Last week, I got invited into my program director’s office for a little chat. My previous week’s attending had emailed him about a complaint made by a family with regard to the way I’d handled an event on the general pediatrics wards.
The exact events don’t really matter: all you need to know is that I made the mistake of relying on second-hand information while something fairly concerning was evolving. Although nothing untoward came of this, the perception of a delayed reaction on the part of a patient’s family was enough to provoke a complaint.
And another thing, said the email. For part of the week, I’d seemed sad, and not myself. She’d just wanted to let them know.
The whole thing, I felt, was a stunning display of ballslessness. If someone plans to give me career-damaging criticism, they should give it to my face first. This gives me the opportunity to discuss events with someone who knows the other people involved–in this case, the family and the nurse–and who is able to give some context to my actions. In addition, the circuitous route taken in this case results in a substantial delay in receiving important feedback. That delay makes it nearly impossible to achieve one of the most important outcomes after hearing negative feedback about a family interaction, namely, making things right with the family.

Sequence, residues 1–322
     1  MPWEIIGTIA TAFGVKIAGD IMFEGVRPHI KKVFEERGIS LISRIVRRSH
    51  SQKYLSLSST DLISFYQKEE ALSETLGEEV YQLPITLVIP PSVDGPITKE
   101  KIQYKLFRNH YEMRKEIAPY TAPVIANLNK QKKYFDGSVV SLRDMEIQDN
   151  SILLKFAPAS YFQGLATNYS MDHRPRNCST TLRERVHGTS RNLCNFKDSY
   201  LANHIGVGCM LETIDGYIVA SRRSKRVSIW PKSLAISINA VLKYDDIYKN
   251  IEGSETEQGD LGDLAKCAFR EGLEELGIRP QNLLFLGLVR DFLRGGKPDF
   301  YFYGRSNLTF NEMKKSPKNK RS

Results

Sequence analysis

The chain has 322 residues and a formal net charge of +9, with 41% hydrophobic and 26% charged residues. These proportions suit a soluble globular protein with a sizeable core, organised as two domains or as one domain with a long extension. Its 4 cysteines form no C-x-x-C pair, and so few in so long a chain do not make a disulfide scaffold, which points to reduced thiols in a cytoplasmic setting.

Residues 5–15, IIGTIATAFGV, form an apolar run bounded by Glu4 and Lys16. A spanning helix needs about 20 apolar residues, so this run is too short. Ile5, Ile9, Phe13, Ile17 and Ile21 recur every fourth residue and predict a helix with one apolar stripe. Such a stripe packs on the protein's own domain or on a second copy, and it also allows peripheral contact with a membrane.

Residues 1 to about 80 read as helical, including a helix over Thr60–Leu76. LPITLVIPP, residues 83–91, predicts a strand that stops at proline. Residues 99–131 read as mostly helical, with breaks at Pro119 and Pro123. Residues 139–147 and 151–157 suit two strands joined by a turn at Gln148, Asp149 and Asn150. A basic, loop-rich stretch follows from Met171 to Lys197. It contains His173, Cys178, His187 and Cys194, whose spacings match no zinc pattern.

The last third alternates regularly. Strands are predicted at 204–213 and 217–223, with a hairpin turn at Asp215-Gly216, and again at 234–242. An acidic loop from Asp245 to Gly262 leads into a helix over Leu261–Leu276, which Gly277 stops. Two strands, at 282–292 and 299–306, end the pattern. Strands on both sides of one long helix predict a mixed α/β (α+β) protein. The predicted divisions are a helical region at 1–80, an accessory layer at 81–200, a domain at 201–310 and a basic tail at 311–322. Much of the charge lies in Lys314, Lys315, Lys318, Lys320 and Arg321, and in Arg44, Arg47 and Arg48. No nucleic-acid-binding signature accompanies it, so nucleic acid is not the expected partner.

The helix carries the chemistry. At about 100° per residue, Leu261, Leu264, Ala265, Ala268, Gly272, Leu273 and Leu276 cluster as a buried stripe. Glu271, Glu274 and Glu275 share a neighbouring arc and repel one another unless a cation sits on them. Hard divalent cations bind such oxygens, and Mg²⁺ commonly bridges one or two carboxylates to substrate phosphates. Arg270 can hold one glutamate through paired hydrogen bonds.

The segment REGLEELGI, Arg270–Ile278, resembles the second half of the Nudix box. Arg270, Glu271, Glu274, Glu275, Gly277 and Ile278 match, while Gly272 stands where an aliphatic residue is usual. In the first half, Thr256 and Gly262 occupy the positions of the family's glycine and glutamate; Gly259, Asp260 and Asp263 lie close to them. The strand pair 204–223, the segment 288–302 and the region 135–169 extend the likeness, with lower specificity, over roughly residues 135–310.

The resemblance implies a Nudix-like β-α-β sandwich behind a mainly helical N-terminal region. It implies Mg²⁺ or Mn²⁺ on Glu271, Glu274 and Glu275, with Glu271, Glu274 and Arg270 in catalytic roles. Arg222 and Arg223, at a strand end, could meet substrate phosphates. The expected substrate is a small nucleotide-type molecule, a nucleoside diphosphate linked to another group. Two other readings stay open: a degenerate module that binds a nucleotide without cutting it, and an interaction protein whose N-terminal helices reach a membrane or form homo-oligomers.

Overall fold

There’s something else that bothers me, though. If this attending thought I’d seemed sad, why didn’t she say something to me? Why did she instead choose to mention this in a tone not unlike criticism, in a letter otherwise dedicated to questioning my clinical performance? How can this even vaguely be confused with being supportive of residents? Or even, with being human?
It’s incredibly important to communicate directly with trainees, whether it’s to give constructive criticism or to offer support. To do otherwise creates a climate of fear, where lending a hand comes secondary to rapping knuckles.
After talking with my program director, I understood where the family was coming from, and the things I can do to avoid situations like this in the future. I expressed as much in a conversation with the family the day following the chat, and I think we’re OK.
This attending who sent that email, however? I wouldn’t piss on her if she were on fire.